Chapter 2.94® - Glossary of Bonds Payable Terms
Annuity – A series of equal instalment payments occurring at regular intervals. For instance, annual payments are once a year, semi-annual payments are made twice a year and quarterly payments are 4 times a year.
Bearer bonds - Bonds payable to whoever holds them (the bearer) are called Bearer bonds (Unregistered bonds). Since there is no recordkeeping in Bearer bonds, whoever holds the title to the bond upon payment date will be presumed its rightful owner. Thus as a result, lost or stolen bearer bonds are difficult to trace and replace.
Bond - A bond is a written guarantee or promise to pay a certain amount as the par value of the bond along with interest at an annual interest rate. Thus, a bond is considered as a short or long term liability for a corporation. If the bond repayment period is greater than 1 year, it is considered as a long term liability; however if the maturity date is within 1 year, the bond is considered a short-term liability.
Bond certificate - The document that states the bond issuer’s name, par value, contract or interest rate, maturity and all other relevant data is known as a bond certificate.
Bond indenture - The legal document that states the rights and obligations of bondholders and issuers is known as a Bond Indenture.
Callable bond - Callable bonds are when the issuing company has the option of retiring them prior to their maturity for a call premium.
Carrying Value – Carrying value of a bond is the net amount at which the bond is reported on the balance sheet; equalling the par value of the bonds minus any unamortized discount or plus any unamortized premium. Carrying value is also known as the book value of the bond.
Contract rate - The total amount of interest paid each year is calculated by multiplying the face value of the bond x stated annual interest rate (also known as the contract rate or nominal rate/ coupon rate). This interest can be paid quarterly (every 3 month), semi-annually (every 6 months) or annually (every 1 year).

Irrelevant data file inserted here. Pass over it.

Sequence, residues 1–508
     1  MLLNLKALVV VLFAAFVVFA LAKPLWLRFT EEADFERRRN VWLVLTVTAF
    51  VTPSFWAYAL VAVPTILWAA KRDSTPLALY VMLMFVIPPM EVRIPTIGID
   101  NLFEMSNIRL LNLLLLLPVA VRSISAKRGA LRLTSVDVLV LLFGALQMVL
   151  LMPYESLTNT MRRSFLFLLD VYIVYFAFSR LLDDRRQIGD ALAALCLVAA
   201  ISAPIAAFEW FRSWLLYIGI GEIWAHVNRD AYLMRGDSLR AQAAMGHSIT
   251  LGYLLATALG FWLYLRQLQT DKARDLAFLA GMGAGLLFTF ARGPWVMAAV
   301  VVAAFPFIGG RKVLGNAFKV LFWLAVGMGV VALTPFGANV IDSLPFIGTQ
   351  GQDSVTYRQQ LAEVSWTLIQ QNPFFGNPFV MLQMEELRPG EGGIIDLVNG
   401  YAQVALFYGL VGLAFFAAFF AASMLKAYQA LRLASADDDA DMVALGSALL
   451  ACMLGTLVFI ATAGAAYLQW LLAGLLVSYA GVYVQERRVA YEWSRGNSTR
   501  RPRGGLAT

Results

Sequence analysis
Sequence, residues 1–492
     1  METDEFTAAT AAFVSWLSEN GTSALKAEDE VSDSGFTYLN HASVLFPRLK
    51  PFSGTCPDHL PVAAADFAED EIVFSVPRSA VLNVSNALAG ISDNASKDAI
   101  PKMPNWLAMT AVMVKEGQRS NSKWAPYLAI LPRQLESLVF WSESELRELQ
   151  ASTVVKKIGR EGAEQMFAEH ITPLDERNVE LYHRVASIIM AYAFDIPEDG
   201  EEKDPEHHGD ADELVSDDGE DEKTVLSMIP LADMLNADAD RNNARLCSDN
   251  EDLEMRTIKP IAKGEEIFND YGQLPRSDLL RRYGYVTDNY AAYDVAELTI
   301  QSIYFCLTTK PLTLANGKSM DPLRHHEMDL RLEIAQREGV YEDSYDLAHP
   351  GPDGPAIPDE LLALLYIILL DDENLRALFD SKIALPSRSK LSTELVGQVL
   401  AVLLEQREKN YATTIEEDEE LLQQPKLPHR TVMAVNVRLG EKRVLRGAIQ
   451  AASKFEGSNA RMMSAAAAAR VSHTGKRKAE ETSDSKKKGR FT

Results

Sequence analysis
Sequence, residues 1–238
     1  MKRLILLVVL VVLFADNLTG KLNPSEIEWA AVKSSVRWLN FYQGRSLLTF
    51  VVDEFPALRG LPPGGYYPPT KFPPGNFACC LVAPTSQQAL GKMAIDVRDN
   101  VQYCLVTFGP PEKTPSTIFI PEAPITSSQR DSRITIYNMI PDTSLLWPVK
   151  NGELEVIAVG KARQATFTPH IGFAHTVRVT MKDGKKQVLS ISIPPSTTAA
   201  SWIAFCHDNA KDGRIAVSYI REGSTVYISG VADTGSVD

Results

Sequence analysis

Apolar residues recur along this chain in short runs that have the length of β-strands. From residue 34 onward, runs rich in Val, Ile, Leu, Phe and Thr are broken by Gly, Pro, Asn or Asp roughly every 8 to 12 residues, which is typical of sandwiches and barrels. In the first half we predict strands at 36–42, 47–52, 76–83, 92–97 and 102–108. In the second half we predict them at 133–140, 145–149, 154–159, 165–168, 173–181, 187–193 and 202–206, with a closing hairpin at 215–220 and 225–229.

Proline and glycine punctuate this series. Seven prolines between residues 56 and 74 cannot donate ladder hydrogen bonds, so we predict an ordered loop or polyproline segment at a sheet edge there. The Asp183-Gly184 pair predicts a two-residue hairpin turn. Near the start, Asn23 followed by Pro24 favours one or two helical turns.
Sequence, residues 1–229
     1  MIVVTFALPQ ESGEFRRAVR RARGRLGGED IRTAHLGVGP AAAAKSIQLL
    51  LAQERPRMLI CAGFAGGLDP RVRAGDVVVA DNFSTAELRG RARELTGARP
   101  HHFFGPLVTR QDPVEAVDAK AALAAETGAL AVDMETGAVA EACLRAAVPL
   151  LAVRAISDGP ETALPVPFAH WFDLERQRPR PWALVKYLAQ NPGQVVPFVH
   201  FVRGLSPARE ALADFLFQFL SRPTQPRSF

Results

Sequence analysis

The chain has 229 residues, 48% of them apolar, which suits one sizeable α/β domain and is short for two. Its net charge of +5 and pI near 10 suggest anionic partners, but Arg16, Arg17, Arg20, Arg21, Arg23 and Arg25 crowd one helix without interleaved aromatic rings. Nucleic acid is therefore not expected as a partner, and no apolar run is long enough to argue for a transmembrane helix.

Convertible bond - Convertible bonds are when bondholders can exchange their bonds for a fixed number of the issuing company’s common shares. Convertible bonds allow bondholders the potential to increase their net worth by future increases in the market value of the common shares of the issuing company.
Coupon bonds – Bonds that have interest coupons attached to their certificates and upon maturity, bondholders detach the coupons and present them to the bank for reimbursement.
Debenture - Unsecured bonds (also known as Debentures) do not have any collateral assets pledged by the issuing company. Instead, bondholders determine the credit rating of the company before investing their funds in to the bond.
Discount on Bonds Payable – Difference between par value of a bond and its lower issuing price is known as a discount on bond payable and arises when the contract (coupon) rate is lower than the bond’s market rate.